The first is something that the majority of pretty much everyone hasn’t heard of. I didn’t until I was scraping the barrel of the Netflix by scanning my favorite actors to see what they’ve been in. I was surprised to see how many big names feature in low budget independent films. What I appreciate about these kind of movies is that it really has no boundaries of what it can and will do. The reason why big distribution companies don’t pick them up is because the premise and the narrative is so outlandish that they believe audiences won’t pick up the director’s vision. Usually they feel more authentic, they lay off the overuse of CGI (if they have any at all) and the acting takes top priority. I wish more people would pay attention to these little movies, they sure would enjoy them as much as I do.
This selection stars Joseph Gordon-Levitt and Lynn Collins as a couple whose fate is determined by a coin toss. But this time the viewer doesn’t just see the actual outcome of the flip; they see both of them. Bobby and Kate stand on the Brooklyn Bridge, flip the coin and boom, they both run opposite direction toward Queens and Manhattan and the story takes off. We see each possibility paralleling the other when we switch from one to another.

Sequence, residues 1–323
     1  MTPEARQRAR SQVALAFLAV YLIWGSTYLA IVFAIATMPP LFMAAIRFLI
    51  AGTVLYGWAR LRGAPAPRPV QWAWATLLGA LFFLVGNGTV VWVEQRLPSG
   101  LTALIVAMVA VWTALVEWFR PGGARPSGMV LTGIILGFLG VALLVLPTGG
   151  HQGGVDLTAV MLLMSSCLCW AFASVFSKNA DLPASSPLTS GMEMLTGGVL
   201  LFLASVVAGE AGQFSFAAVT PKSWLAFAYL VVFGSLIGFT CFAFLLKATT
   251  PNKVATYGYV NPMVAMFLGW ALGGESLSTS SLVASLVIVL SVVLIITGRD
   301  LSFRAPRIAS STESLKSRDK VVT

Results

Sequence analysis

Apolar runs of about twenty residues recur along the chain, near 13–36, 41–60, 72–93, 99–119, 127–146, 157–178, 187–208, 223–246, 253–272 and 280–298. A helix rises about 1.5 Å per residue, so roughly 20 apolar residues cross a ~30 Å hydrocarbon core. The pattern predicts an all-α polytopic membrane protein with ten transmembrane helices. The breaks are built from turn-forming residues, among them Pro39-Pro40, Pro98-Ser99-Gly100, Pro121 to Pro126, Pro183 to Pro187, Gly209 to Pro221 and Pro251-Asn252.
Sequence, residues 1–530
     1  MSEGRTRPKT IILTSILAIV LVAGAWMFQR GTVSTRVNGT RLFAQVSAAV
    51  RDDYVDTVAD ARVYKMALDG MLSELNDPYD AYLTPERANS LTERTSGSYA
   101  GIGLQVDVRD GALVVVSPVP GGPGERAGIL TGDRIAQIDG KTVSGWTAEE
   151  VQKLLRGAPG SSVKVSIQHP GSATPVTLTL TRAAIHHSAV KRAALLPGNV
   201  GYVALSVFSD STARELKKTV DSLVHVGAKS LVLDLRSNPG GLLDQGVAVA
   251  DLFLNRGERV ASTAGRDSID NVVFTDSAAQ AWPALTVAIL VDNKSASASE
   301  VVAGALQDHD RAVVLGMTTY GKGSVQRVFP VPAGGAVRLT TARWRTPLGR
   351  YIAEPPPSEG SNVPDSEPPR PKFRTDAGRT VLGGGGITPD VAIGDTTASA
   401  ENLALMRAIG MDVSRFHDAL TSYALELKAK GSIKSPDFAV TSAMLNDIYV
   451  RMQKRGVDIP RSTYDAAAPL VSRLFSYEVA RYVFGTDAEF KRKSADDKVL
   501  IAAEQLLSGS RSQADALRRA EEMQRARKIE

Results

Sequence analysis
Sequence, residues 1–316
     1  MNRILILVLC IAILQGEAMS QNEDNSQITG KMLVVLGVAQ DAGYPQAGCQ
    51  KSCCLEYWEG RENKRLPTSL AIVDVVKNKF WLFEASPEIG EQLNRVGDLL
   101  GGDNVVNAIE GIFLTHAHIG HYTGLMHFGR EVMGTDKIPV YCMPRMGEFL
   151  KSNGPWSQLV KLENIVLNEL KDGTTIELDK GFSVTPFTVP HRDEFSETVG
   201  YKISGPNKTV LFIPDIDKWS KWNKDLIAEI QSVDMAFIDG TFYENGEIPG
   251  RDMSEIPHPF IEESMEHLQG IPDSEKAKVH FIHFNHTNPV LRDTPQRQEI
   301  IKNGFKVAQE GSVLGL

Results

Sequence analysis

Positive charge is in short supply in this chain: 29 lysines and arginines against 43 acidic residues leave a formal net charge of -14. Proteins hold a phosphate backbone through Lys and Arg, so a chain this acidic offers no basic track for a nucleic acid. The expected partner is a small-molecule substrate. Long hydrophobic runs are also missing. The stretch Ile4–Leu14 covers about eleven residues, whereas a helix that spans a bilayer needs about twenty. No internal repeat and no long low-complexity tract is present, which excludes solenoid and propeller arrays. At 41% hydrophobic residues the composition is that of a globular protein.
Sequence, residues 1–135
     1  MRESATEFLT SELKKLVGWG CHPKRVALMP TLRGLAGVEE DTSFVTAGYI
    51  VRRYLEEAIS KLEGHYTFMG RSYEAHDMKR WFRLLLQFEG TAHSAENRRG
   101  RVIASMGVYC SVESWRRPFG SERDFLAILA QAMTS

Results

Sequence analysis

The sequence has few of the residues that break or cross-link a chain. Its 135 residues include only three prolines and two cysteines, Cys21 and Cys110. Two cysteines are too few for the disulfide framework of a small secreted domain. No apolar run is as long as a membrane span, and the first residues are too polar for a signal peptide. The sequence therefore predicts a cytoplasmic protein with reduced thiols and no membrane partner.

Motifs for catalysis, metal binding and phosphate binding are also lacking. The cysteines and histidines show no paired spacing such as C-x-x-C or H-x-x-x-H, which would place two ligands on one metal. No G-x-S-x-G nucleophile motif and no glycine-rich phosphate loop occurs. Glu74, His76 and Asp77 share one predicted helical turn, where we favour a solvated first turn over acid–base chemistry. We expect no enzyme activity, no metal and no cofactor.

Manhattan is the more exciting timeline. Bobby and Kate hit the inner city for a date when they find a mysterious cell phone in the back of their taxi. When Bobby calls the recently called numbers he finds out that this it is very envied. Eventually they find out that the cell phone has important lottery information. Danger is around every corner as they try to return it to the non-threatening claimer for a good amount of money.
The Queens timeline serves as more of a back story of the couple. It’s way more relaxed and reveals more about Bobby and Kate’s relationship. Before they go to Kate’s family’s house for a get-together they find a stray dog which draws that parallel to the other story line. We find out about Kate’s background, occupation and family life. This half of the movie helps give the other half more support so the action isn’t nonsensical.
If the premise isn’t enough to keep you glued in your seat the cinematography will make sure your eyes don’t detach from the screen. The action in Manhattan is well handled and well captured in the camera. To help the audience follow each timeline the Bobby and Kate where yellow in Manhattan and green in Queens. But somehow they carry that theme with the background, scenery and props reflect those same colors. It’s a small touch but also one that anyone can appreciate.
Caution to cautionary viewers: yes, it is rated NR (probably because it wasn’t distributed through studios) it’d get a soft rated R because of language and brief sexuality/nudity.
Anyway, it’s a wonderful, interesting movie that deserves more attention than it gets.